"I think that the law has never really recovered from the bungled rollout of the health exchanges," said Whiteman, referring to the botched performance of the federally run HealthCare.gov and several of state Obamacare exchanges when they launched last fall. Since then, HealthCare.gov has been repaired and performed well in the last five months of operation, as did a slight majority of the 14 state-run exchanges.
Whiteman also said the continued "negative political messages" by ACA opponents, particularly House Republicans who have repeatedly tried without success to gut Obamacare, "has to be having an impact on people's opinions."
Read MoreObamacare hasn't cured drugstore sticker shock
Bankrate's study found that people who earned more than $50,000 annually were most inclined to have negative feelings about Obamacare's effect on the country. However, people making $30,000 or less were inclined to be positive about the law.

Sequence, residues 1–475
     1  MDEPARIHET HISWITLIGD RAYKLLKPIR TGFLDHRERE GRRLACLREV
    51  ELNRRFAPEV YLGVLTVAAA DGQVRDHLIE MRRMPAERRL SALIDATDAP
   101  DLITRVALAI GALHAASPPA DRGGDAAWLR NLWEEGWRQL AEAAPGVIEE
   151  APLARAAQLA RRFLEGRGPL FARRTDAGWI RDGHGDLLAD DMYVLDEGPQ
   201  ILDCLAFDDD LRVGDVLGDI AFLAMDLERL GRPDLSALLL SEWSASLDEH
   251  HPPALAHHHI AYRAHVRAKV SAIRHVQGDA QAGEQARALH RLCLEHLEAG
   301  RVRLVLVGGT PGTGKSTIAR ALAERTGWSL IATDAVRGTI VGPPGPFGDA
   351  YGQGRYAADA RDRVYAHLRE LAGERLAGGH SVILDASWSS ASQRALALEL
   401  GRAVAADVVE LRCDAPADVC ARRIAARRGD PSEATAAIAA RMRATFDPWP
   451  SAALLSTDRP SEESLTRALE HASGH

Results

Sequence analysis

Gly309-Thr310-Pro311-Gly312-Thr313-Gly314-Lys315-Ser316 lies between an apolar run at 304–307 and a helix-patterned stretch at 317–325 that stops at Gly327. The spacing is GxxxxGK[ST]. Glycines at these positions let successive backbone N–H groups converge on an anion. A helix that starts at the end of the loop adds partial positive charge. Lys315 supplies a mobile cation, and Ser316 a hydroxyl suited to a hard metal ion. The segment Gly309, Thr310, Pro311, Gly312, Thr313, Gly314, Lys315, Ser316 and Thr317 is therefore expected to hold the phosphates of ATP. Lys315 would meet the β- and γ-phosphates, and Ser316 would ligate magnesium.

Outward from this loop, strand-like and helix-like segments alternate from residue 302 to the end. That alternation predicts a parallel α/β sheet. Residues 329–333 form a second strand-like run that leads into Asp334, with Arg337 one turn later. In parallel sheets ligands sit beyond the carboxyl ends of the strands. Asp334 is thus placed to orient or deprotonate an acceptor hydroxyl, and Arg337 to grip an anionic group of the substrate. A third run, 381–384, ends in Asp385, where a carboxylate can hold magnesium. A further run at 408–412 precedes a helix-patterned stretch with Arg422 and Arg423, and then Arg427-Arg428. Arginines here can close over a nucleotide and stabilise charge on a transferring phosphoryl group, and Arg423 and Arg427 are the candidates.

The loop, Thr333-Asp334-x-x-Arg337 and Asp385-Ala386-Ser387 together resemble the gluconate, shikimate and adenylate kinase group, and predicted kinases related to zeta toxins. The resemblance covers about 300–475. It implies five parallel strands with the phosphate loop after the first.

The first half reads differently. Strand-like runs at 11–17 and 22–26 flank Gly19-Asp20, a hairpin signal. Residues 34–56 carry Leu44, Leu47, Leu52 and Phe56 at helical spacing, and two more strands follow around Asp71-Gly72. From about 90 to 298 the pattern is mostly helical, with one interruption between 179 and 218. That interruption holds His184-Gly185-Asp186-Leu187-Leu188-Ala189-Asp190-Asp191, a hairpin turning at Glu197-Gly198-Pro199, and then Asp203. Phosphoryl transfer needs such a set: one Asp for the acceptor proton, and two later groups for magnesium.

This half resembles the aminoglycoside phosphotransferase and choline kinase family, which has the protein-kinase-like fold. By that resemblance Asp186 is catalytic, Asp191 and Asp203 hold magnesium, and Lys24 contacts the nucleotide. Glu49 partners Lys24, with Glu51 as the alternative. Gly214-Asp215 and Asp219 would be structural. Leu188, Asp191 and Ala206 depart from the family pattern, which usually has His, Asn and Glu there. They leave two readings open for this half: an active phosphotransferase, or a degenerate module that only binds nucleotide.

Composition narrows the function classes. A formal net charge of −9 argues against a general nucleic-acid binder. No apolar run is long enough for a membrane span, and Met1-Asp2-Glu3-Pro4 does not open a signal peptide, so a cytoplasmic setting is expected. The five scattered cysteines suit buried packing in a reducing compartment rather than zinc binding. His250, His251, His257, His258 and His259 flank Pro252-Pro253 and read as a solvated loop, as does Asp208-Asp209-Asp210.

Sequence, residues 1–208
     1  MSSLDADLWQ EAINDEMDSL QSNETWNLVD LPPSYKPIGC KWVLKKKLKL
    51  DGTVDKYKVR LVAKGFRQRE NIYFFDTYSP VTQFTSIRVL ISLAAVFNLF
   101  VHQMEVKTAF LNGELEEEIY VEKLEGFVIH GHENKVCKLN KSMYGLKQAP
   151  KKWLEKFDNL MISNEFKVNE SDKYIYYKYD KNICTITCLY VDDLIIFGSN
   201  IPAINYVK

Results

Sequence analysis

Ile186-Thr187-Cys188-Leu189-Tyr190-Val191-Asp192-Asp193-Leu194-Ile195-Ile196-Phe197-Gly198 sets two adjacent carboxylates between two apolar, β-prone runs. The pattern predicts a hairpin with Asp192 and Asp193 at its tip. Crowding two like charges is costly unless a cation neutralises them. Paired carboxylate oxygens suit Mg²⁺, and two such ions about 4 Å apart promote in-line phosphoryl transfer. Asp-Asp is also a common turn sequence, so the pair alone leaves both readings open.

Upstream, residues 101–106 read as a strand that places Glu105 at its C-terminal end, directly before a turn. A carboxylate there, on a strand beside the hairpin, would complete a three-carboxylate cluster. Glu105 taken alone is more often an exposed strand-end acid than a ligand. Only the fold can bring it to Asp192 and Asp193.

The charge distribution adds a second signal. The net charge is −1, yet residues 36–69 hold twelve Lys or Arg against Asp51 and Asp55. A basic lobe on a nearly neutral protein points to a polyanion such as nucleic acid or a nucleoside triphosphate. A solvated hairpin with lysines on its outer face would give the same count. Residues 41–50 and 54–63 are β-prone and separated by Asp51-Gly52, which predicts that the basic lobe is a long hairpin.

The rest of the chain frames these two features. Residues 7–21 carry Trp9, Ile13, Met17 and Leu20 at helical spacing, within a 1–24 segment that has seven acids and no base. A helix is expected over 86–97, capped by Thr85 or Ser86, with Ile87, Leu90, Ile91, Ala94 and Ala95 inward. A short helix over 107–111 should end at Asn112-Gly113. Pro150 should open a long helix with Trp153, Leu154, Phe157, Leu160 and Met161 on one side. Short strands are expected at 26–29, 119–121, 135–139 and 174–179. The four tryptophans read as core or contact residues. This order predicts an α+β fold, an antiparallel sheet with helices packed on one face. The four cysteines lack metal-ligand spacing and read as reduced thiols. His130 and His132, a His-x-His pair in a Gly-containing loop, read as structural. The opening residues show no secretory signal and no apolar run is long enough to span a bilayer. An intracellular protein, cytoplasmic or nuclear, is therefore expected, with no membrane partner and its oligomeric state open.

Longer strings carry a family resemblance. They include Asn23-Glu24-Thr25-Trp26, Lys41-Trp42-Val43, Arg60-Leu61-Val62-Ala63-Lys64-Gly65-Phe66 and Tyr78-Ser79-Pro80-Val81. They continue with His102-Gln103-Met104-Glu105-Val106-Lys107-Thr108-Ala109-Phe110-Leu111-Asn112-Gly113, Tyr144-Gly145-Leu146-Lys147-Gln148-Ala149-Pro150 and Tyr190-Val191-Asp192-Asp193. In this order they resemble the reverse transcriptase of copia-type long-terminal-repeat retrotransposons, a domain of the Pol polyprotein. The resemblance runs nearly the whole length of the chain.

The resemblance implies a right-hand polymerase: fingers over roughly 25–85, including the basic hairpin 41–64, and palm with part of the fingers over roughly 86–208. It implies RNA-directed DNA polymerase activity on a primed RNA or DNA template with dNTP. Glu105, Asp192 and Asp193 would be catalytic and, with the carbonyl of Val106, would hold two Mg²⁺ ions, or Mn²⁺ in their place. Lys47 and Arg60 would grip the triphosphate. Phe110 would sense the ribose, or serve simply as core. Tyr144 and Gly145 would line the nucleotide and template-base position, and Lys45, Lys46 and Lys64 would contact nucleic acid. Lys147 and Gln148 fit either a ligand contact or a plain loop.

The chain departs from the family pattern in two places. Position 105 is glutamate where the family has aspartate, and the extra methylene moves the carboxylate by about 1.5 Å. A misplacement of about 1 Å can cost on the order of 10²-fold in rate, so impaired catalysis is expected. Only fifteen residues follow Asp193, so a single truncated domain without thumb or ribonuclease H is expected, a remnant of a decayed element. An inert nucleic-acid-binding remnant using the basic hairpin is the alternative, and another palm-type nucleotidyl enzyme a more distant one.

When asked about Obamacare's effect on their own lives compared to last year, 52 percent said they felt it was about he same. But among the rest of the respondents, people who felt more negative about how Obamacare directly affected them since last year outnumbered those who felt positively "by about 2 to 1," Whiteman said.
Bankrate also questioned respondents for the first time about a still-small, but growing trend of companies moving workers out of employer-provided health insurance and into individual plans sold on private exchanges, which are similar to the government-run Obamacare markets.
Earlier this month, Standard & Poor's Capital IQ estimated that 90 percent of S&P 500 companies could move their workers toward such private exchanges by 2020, saving an estimated $689 billion in costs in the process.
And the same report found the potential for a stunning $3.25 trillion in savings if all companies with 50 or more employees made such a move.
Most large companies that shifted workers to private exchanges continue subsidizing, in some way, the cost of health coverage, while offering workers increased options in number of plans and level of coverage.
Bankrate said 30 percent of respondents believed such a shift toward private exchanges would have a negative impact. Just 14 percent said it would be a positive move.
—By CNBC's Dan Mangan